What to Eat After the Stomach Flu or Food Poisoning
What to Eat After the Stomach Flu
You've been there: A nasty case of the stomach flu or a random bout of food poisoning hit you, and you feel weak and shaky...but finally ready to eat something. What to try? Here, registered dietitians share their tips for how to rehydrate and what to eat when you have the stomach flu so you can start feeling like a functional human again. (P.S. Here's how to figure out if you have the stomach flu or food poisoning.)
But before you explore what to eat after the stomach flu, you might want to take notes on what to avoid when battling a stomach bug so you don't exacerbate the pain. Sheri Kasper, registered dietitian and co-founder of Fresh Communications, suggests steering clear of caffeine, as it can be irritating to the stomach and may make certain symptoms (like diarrhea) worse. "It's also important to avoid alcohol because the goal right after the stomach flu is to replace fluids and alcohol is a diuretic, which means it causes fluid loss," she adds. "Highly acidic (tomatoes, for example) or spicy/boldly spiced foods can also trigger nausea or stomach pain, so they should be approached with caution."
If you're struggling to figure out what to eat when you have the stomach flu, many health experts recommend the BRAT diet (bananas, rice, applesauce, toast) at first. The key is to start with bland foods. Once your symptoms are resolved, slowly bring back other foods that you love, says Katie Pfeffer-Scanlan, R.D.
"These early forays back into solid-food territory are also when you want to start incorporating more fluids to rebalance electrolytes and ease digestion gently, adds Jessica Spiro, R.D. "The worst thing that generally happens after the stomach flu or food poisoning is dehydration, so replenishing fluids is incredibly important. Soups, smoothies, and water-rich fruits and veggies (think cucumbers and watermelon) are excellent ways to rehydrate."
Dietitian Thérèse Bonanni, R.D. recommends coconut water as an alternative to sugary sports drinks. Loaded with potassium and a good source of other key nutrients like sodium, magnesium, and phosphorous, it's her go-to sip for "a natural source of electrolytes without added sugar to replenish and hydrate."
Wait, isn't that for kids? Actually, many doctors and dietitians recommend Pedialyte for preventing or treating dehydration in adults too, especially for those who don't know what to eat after stomach flu. "I usually recommend Pedialyte to help clients replenish their electrolytes since it's easy on the stomach, especially the unflavored version," says Angie Asche, R.D., of Eleat Sports Nutrition. Find it online or at your local drugstore either as a solution or as powder packets you can add to water. (Related: Everything You Need to Know About Sports Drinks)
Once you're feeling up to it, "try kefir and yogurt to replenish beneficial gut bacteria after a bout of GI distress," recommends Bonanni. It's also helpful for introducing more protein, adds Asche, which will help stabilize your blood sugar to stave off energy-sucking crashes—and help you feel stronger.
Steering clear of lactose? Try a non-dairy yogurt like Daiya's Greek yogurt alternative, which offers up 6 grams of protein and the beneficial bacteria you need. Plain is your best option, but even the fruit flavors are lower in sugar and don't have any artificial sweeteners—two sneaky irritants you'll want to avoid when planning what to eat when you have the stomach flu.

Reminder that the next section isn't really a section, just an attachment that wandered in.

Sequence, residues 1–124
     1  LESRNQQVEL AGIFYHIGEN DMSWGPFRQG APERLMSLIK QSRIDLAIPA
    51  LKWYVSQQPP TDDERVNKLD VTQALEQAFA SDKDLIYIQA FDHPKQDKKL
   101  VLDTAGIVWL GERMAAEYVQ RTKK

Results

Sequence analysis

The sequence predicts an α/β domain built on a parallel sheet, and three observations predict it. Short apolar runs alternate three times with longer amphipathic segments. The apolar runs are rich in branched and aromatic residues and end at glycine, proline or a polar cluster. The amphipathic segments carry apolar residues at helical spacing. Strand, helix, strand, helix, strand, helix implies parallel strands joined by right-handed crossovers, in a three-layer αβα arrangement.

Once you're able to tolerate liquids and bland foods, Gabriella Vetere, R.D.N., recommends introducing probiotic-rich foods at least once a day. Aside from yogurt and kefir, you can also try sauerkraut, kimchee, or miso. Edwina Clark, R.D., loves kombucha, a fermented tea beverage. Her pick? Ginger kombucha "to restore gut bacteria, ease nausea, and replace fluids."
Not into the whole fermented thing? Try a probiotic supplement. Since each specific type of bacteria does something slightly different, look for a supplement with multiple types in it to help repopulate the GI tract. (P.S. Here are some surprising new ways to eat more probiotics.)
If you're not quite ready for a full meal, can't stand the thought of yogurt, or are experiencing lactose intolerance as your system gets back on track (a potential but often temporary issue after a GI bug), dietitian Charlene Pors, R.D., of Euphoria Nutrition, recommends dairy-free smoothies as a great thing to eat after the stomach flu. "Smoothies made with soy milk, fruit, and nut butters can be a great high-protein and nutritious meal to begin with since they're low in fiber and lactose, making them easy to digest." (Try these eight fresh smoothie recipes for spring.)
Chicken Noodle Soup
Once you're ready to graduate to solid food after the stomach flu, Long Island-based dietitian Linzy Ziegelbaum, R.D. recommends starting with chicken noodle soup and toast. Turns out this home remedy is great for recalibrating when you don't know what to eat when you have the stomach flu. "You get fluids from the broth, protein from the chicken, and carbohydrates from the pasta and toast," she says. It's also usually pretty bland, making it easy for a sensitive stomach to tolerate, she adds.
When figuring out what to eat after stomach flu, it's important to prioritize foods that will help you regain your strength—specifically, sources of lean protein (aka protein-rich foods that are low in calories, cholesterol, and total fat—particularly saturated fat), says Kasper. "Eggs are a great choice because they contain protein and a wide array of nutrients to help restore any nutritional imbalances," she explains.
If eggs aren't really your thing, Kasper also suggests mildly spiced lean meats, such as baked chicken or turkey breast. "Bone broth is also a good idea," she adds. "It contains much more protein than traditional broth, and it can help replenish fluids at the same time."